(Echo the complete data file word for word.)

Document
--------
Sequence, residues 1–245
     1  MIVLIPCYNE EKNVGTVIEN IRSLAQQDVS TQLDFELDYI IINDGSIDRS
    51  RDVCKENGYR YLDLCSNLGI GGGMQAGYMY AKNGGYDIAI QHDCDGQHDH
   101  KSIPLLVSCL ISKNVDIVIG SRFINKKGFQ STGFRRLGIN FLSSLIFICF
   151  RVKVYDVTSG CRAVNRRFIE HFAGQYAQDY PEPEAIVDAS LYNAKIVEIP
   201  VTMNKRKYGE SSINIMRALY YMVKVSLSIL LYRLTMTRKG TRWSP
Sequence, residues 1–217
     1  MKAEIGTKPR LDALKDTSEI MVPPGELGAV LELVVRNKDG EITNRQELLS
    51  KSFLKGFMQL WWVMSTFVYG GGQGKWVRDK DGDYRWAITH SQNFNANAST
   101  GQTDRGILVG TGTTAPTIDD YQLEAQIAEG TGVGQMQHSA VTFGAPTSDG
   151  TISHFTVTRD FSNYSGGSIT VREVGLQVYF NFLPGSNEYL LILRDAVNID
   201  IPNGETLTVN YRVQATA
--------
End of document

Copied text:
Sequence, residues 1–245
     1  MIVLIPCYNE EKNVGTVIEN IRSLAQQDVS TQLDFELDYI IINDGSIDRS
    51  RDVCKENGYR YLDLCSNLGI GGGMQAGYMY AKNGGYDIAI QHDCDGQHDH
   101  KSIPLLVSCL ISKNVDIVIG SRFINKKGFQ STGFRRLGIN FLSSLIFICF
   151  RVKVYDVTSG CRAVNRRFIE HFAGQYAQDY PEPEAIVDAS LYNAKIVEIP
   201  VTMNKRKYGE SSINIMRALY YMVKVSLSIL LYRLTMTRKG TRWSP
Sequence, residues 1–217
     1  MKAEIGTKPR LDALKDTSEI MVPPGELGAV LELVVRNKDG EITNRQELLS
    51  KSFLKGFMQL WWVMSTFVYG GGQGKWVRDK DGDYRWAITH SQNFNANAST
   101  GQTDRGILVG TGTTAPTIDD YQLEAQIAEG TGVGQMQHSA VTFGAPTSDG
   151  TISHFTVTRD FSNYSGGSIT VREVGLQVYF NFLPGSNEYL LILRDAVNID
   201  IPNGETLTVN YRVQATA